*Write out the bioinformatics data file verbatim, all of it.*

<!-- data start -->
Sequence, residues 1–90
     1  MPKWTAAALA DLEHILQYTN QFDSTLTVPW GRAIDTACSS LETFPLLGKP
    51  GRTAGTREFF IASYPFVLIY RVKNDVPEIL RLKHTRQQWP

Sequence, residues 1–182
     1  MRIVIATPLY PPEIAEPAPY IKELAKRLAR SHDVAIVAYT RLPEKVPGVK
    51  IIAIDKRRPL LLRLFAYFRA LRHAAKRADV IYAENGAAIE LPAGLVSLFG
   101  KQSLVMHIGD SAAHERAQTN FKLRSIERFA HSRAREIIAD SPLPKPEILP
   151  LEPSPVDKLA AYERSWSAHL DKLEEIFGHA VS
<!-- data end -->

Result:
Sequence, residues 1–90
     1  MPKWTAAALA DLEHILQYTN QFDSTLTVPW GRAIDTACSS LETFPLLGKP
    51  GRTAGTREFF IASYPFVLIY RVKNDVPEIL RLKHTRQQWP

Sequence, residues 1–182
     1  MRIVIATPLY PPEIAEPAPY IKELAKRLAR SHDVAIVAYT RLPEKVPGVK
    51  IIAIDKRRPL LLRLFAYFRA LRHAAKRADV IYAENGAAIE LPAGLVSLFG
   101  KQSLVMHIGD SAAHERAQTN FKLRSIERFA HSRAREIIAD SPLPKPEILP
   151  LEPSPVDKLA AYERSWSAHL DKLEEIFGHA VS